Q&A with ASU Hoops Analyst Brad Nahra

Former ASU basketball player Brad Nahra is in the midst of his first season as a color analyst for the Sun Devil network's radio broadcast, and has been impressed with the 11-1 non-conference record by the maroon and gold. As the Pac-10 season is about to start, Devils Digest caught up with Nahra to get his thoughts on the current state of ASU basketball and their prospects in league play.

Brad Nahra was a ‘recruited' walk-on from Lexington, Ky., who played at Arizona State from 1998 through 2002. He earned a scholarship for his sophomore and junior seasons, and played in in 70 games for the Sun Devils.

He earned his Business and Communications degree in 2002 and has stayed in the valley ever since, working in the real estate field. He never stopped following his alma mater, and his passion and knowledge of the game aided him in getting hired as ASU's basketball radio color analyst teaming up with the voice of the Sun Devils, Tim Healey.

Nahra was excited upon his hire, and suffice to say that he's elated to begin his broadcasting career having a floor seat and a close look at one of the best Sun Devil squads in recent memory.

Devils Digest: Brad, ASU fans are naturally excited with the team's 11-1 record so far in the 2008-09 season. As someone who has watched this closely since the season tipped-off, how would you evaluate this team at the end of their non-conference slate?

Brad Nahra: "It's always tough to get a good gauge on a team in the pre-conference (schedule). You might play one or two good teams, but you also play a lot of teams from smaller conferences. But at 11-1 I think they played very well, especially in the last week or two.

"Being 11-1 certainly beats the alternative, and even though they beat just a couple of major conference teams it's better than being 7-4. They're taking care of business."

DD: To no one's surprise, James Harden is the focal point of the team on offense and carrying out that duty very well so far. Even though he's obviously the main focus of opposing defenses, how has he been able to play at such a high level this season?

BN: "I think he's gotten a lot better from last year to this year. I think he got stronger, maybe a little bit taller. He's finishing plays a lot better than he did last year and his jump shot has really come along nicely, after he started off kind of slow.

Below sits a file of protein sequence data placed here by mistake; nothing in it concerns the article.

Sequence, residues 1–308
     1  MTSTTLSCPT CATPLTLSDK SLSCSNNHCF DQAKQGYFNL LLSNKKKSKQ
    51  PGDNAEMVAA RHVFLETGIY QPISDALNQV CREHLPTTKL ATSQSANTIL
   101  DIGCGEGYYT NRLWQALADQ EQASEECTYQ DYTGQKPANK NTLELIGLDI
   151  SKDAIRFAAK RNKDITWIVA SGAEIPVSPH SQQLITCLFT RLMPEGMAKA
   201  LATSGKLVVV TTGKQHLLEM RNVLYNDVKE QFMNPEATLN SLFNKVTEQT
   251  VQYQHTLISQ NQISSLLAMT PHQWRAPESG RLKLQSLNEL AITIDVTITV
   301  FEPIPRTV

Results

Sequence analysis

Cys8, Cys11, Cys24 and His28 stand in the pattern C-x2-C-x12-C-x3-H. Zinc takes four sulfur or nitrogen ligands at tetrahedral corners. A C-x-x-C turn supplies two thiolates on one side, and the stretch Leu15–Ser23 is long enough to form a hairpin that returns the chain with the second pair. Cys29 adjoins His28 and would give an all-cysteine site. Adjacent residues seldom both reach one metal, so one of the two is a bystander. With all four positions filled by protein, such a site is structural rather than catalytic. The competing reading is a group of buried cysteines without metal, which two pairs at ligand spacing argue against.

"But in the Pac-10 it will get tougher. They are guys in the Pac-10 that are defensive stoppers, like (USC's) Daniel Hackett, that will really lock him up and are really long and athletic. So James is gonna have games where he's scoring in the low teens and guys like Rik (Rihards Kuksiks) and Ty (Abbott) will really have to step up."

DD: On that note, how do you think Kuksiks and Abbott have performed in the first 12 games?

BN: "I think Rik has been very consistent and is the most improved player on the team. Quickly he's becoming a fan favorite. His shot has gotten better, he has gotten better on the interior on the offensive end, and more aggressive on the glass. He's still a little bit of a liability on defense, but he has improved so much on the offensive end that you can live with it.

"Ty hasn't shot the ball as well as I would have liked to see him do, but he is a streaky shooter. He has a short term memory and is always able to make the next four or five in a row. I'd like to see his shooting percentage go higher but he is always a dangerous player and he has gotten a lot better putting the ball of the floor."

DD: Jeff Pendergraph had a slow start, but has picked up his play lately…

BN: "He did have the slow start, but you hadn't had to rely on him a whole lot because the team was shooting the ball well and he didn't have that many touches. In games where he had the advantage down low he did play well.